Indigenous women’s weaving circles crush marble mining companies

Mama Aleta Baun is a Molo indigenous woman living in the Indonesian part of the island of Timor. Aleta Baun lives in the shadow, and light, of Mutis Mountain, which is the source of all of the rivers on the island. For Timor, Mutis Mountain is the source of life.

In the 1980s, the local government illegally issued permits to marble mining companies to mine on Mutis Mountain. In 1996, the companies started clearing trees and rocks on the mountain. Aleta Baun saw this and went into action.

First, she formed an alliance with three other women. They went door-to-door, village-to-village. The distances between houses and, even more, villages were great. Baun and the three other women persevered. Their message was simple, direct and profound: “We regard the earth as our human body: stone is our bone; water is our blood; land is our flesh; and forest is our hair. If one of them is taken, we are paralyzed.”

For the Molo people, that paralysis would be a form of death. Baun had an additional message for the women: “We also emphasized to women that the forest provides the dyes for our weaving, which is a very important part of our lives. That inspired us to showcase our weaving in the form of a peaceful protest starting in 2006.”

Baun organized a weaving occupation of the mining camps. Over 100 women showed up, formed a circle in the mining quarry, sat down and silently wove traditional textiles. They sat and wove, silently, for over a year: “When we began our protest, women realized that they could do more — take a stand and be heard. Women are also the recognized landowners in the Molo culture, and this reawakened in those women who hadn’t been actively speaking out a desire to protect their land.”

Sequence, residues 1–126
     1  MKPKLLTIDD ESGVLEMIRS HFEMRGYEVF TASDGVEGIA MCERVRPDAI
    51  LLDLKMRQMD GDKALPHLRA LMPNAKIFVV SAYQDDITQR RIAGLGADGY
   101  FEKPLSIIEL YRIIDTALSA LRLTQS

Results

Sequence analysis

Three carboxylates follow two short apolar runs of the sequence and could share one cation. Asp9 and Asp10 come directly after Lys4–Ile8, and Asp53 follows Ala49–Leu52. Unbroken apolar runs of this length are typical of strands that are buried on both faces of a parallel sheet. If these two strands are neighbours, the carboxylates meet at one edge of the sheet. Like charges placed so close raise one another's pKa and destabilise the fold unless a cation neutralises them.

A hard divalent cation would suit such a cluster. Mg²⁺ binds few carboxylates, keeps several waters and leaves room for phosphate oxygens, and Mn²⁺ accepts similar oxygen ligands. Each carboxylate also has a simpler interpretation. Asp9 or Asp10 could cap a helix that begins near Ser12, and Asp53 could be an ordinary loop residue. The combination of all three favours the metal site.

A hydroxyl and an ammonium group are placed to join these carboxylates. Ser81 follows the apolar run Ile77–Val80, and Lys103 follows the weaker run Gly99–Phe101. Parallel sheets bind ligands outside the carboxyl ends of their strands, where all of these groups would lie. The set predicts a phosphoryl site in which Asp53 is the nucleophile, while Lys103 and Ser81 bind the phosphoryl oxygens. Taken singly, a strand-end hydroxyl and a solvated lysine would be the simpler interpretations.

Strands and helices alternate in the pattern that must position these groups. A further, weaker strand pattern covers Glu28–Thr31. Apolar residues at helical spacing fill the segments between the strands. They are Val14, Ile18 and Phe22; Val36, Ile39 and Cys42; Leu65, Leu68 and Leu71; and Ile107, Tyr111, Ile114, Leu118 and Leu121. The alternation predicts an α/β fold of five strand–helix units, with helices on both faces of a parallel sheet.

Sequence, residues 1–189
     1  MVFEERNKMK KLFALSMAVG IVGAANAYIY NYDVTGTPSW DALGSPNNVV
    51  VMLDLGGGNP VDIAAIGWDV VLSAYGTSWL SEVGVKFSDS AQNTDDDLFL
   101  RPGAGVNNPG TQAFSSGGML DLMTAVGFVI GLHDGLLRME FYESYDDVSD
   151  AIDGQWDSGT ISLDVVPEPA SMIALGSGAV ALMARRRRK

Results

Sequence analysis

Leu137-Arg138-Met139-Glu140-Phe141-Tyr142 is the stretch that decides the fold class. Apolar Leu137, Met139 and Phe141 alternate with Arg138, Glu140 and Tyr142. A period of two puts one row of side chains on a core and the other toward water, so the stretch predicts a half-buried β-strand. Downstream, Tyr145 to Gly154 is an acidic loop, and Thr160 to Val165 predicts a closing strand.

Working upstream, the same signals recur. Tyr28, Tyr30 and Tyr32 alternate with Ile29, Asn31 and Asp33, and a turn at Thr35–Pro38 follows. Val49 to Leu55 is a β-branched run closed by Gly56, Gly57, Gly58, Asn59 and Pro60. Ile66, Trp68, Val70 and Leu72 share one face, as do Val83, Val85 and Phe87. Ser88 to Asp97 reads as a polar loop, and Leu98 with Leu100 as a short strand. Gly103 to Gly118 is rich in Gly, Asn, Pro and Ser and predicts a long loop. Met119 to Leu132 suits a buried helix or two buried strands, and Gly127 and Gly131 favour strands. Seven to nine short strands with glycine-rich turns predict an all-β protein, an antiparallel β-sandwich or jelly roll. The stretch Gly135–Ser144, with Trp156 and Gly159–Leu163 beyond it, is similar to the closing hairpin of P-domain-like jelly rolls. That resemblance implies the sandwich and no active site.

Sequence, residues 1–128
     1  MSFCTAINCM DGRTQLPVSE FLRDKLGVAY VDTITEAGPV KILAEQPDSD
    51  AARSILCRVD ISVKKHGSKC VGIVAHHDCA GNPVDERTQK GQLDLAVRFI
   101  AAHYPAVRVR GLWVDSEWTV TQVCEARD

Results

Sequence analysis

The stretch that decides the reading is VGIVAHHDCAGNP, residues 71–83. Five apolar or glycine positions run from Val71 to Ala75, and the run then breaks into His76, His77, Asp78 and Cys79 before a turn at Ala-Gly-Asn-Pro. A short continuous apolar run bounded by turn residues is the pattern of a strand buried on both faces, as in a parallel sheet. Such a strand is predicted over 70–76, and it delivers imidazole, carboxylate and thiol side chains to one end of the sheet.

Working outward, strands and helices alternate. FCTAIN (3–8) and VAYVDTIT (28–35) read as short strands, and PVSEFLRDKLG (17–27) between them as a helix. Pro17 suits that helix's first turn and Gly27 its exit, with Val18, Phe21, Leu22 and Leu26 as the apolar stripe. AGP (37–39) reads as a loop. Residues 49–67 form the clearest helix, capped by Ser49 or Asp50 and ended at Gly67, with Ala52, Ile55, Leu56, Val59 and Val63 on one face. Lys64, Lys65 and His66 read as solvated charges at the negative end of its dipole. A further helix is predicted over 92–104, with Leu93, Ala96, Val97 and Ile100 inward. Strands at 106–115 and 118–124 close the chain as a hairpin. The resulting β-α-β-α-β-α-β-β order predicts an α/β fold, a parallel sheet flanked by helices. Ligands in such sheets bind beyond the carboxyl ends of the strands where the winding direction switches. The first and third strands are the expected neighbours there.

The assault on the forest targeted women. Women are the ones who go into the forest and emerge with food, medicine, dye, sustenance. The marble mining companies had touched the women and struck a rock.

For four years, the women organized weaving occupations, and for four years the Molo men took on all the domestic work in their communities. This was a women-led full community campaign. In 2010, the marble mining companies packed up their tools and left.

From Aleta Baun’s perspective, the heart of the struggle was popular re-education: “The protest is part of the re-education of the people.” Now, Mama Aleta Baun is busy organizing Molo women and men to map the forestlands for themselves, and then to lay proper legal claim to all that is their land, their dignity.

Have you heard about Mama Aleta Baun and the weaving occupation? It’s a story worth repeating.

(Photo credit: Goldman Environmental Prize)

About Dan Moshenberg

Dan Moshenberg is an organizer educator who has worked with various social movements in the United States and South Africa. Find him on Twitter at @danwibg.